Another issue for us as a couple is that my wife is big in cultures (Mormon and American) that value thinness and insist fatness can’t be beautiful or desirable, so it’s even more likely that she’s looked at as my “beard” (again, since so many people don’t think my identity is real). She’s been supportive, but also has pointed out that this perception is something she could’ve lived without, which is fair, of course.
A month or so later, I disagreed with someone on their post in the same Facebook group, and she got upset. She decided to retaliate by trying to get both my wife and I fired from our jobs, and our foster kids taken away from us, and she planned to out me to accomplish this. She began exposing what little she had on me in a bunch of other pages, and sent me and my wife threatening Facebook messages. It wasn’t a well-considered plan; none of our employers were ever going to care, but that didn’t mean it wasn’t a good idea to tell our employers before she told them (because who knows what BS she would embellish it with when she realized they didn’t care about what she was saying), and call the cops. So, I came out to the woman who works in security at work who I barely knew and a cop in the suburbs of Provo, UT that day. A fun little Monday, that.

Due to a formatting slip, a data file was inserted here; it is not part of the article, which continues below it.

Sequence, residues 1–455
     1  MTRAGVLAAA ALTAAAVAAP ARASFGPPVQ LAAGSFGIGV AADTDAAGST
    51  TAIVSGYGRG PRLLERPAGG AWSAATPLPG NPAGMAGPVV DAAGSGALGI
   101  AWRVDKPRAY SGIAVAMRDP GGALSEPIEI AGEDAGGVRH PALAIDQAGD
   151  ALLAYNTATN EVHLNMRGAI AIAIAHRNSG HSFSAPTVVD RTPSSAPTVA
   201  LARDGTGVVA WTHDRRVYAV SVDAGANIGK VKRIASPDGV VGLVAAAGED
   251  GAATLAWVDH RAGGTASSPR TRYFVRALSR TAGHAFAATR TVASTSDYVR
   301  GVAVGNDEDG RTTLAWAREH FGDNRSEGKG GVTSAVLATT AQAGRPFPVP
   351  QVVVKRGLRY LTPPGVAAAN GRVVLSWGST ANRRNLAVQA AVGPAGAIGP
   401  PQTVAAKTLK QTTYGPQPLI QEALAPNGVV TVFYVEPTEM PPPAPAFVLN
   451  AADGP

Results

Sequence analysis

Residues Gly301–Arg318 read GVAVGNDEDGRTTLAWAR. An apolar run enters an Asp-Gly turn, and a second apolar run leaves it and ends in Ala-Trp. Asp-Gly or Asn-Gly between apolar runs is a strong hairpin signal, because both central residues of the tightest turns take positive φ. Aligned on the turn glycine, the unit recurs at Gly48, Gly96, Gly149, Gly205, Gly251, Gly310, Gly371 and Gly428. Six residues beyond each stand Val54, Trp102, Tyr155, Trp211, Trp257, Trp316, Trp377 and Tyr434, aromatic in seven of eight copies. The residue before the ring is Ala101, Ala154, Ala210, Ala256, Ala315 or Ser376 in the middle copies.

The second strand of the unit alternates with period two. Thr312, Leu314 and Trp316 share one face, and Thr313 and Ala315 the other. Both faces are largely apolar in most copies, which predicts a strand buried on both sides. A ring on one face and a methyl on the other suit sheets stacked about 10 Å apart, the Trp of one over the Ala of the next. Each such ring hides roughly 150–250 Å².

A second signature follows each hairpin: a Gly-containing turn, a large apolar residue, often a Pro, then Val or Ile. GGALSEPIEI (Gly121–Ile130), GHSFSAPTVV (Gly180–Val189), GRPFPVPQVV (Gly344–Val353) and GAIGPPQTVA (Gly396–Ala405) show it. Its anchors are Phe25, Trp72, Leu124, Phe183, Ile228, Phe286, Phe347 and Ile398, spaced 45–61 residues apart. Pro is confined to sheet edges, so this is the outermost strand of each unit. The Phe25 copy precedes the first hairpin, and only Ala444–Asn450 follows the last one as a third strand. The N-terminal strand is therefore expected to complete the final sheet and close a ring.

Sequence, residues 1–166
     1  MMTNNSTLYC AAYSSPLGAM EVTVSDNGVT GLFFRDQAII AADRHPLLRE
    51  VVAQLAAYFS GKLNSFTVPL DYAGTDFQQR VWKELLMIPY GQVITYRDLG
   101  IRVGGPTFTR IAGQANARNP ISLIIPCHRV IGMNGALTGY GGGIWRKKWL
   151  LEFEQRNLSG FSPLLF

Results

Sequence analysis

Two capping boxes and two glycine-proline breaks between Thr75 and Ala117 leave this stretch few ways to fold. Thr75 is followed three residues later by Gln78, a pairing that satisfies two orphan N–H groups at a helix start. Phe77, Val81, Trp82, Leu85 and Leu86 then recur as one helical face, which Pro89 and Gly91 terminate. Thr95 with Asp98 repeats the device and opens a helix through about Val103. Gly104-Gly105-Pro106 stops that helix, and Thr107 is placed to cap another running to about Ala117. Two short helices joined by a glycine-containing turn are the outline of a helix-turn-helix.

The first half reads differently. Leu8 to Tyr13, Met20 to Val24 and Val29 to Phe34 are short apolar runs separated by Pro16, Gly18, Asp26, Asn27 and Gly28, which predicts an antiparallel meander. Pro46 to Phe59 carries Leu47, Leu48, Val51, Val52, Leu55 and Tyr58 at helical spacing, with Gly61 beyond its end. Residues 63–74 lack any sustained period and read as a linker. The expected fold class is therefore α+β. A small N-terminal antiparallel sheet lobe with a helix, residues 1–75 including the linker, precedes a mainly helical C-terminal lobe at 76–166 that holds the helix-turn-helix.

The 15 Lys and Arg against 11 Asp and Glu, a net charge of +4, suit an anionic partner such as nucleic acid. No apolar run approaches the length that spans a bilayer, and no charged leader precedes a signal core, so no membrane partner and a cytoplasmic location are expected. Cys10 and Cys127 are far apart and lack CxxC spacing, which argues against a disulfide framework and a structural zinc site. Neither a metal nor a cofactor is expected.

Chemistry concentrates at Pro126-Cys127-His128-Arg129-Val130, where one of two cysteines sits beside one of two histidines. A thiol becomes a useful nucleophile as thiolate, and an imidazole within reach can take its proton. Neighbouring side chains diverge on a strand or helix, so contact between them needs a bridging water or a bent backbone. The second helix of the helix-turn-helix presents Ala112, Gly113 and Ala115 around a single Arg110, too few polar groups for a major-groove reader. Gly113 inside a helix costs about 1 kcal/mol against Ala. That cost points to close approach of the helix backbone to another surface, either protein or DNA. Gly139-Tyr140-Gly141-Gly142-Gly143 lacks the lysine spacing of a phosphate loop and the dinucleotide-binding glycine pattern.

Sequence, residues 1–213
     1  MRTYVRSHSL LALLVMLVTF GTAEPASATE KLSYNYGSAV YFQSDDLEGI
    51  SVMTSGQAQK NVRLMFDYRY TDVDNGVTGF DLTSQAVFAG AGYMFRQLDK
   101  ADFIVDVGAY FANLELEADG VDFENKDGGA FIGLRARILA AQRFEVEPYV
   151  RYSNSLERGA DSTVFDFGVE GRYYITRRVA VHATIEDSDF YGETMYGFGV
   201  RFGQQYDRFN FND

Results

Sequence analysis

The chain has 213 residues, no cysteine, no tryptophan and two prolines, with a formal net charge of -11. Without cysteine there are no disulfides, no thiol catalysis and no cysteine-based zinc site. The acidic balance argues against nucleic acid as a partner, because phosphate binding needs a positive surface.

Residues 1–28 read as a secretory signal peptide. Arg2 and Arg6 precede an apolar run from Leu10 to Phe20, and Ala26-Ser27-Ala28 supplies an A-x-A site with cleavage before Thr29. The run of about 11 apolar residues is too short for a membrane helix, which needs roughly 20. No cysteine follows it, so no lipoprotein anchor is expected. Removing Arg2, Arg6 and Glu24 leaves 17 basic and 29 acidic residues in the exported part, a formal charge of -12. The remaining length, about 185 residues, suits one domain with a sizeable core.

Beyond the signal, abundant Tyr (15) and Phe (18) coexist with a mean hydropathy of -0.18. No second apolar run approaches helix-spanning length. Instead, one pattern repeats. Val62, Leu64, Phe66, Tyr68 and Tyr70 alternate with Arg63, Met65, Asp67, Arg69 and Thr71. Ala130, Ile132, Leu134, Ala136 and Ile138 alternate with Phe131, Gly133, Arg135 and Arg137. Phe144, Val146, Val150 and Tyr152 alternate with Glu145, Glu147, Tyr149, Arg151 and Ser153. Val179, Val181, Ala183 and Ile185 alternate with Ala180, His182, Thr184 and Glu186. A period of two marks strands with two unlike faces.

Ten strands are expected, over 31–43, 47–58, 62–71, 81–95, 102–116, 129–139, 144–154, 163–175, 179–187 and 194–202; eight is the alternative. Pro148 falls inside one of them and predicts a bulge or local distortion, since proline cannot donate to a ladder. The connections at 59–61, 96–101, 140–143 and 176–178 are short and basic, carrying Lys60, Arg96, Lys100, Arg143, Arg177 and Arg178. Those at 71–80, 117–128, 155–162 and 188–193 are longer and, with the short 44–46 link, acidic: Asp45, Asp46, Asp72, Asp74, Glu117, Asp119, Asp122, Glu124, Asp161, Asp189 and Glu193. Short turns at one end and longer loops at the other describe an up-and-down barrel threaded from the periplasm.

But remember, this woman was clearly pro-queer rights in this group. However, when she thought she could out someone and threaten them with exposure to get even for an internet spat, the true colors shone through. I learned that day – if any of my queer listeners haven’t learned this yet, learn it from me, and hopefully not from experience – not to assume someone’s support and benevolence solely because they claim it when it’s easy and nothing’s on the line.
After that, I wanted to just rip the band-aid off and come out generally to everyone, especially after Orlando (I wanted to post and talk about it, but it felt wrong to say “they” when I meant “we”), but my wife was worried it could affect our custody of our foster kids (our relationship with the birth mother wasn’t ideal, and sadly, we had to maintain it). However, by July of last year, I had waited long enough. I did it in the most millennial way possible (sorry, not sorry, Oldie Hawns) and announced it on Facebook. It generally went well, but some folks unfriended me, and some family members started (untrue) rumors that I had a secret gay lover, so that was fun. You can’t win ‘em all, right?
I want to talk just really quickly about what it’s been like now that I’m out. Generally, it’s been positive, and I recommend it without qualification (if you have something to come out for, and, no, you don’t come out as a Yankees fan or that you prefer Pepsi to Coke). It’s amazing the extra energy you have when you don’t have to expend so much trying to pass as straight; you don’t realize how much work it was until you can stop. This will also sound obvious, but it’s nice to just be honest about yourself to other people.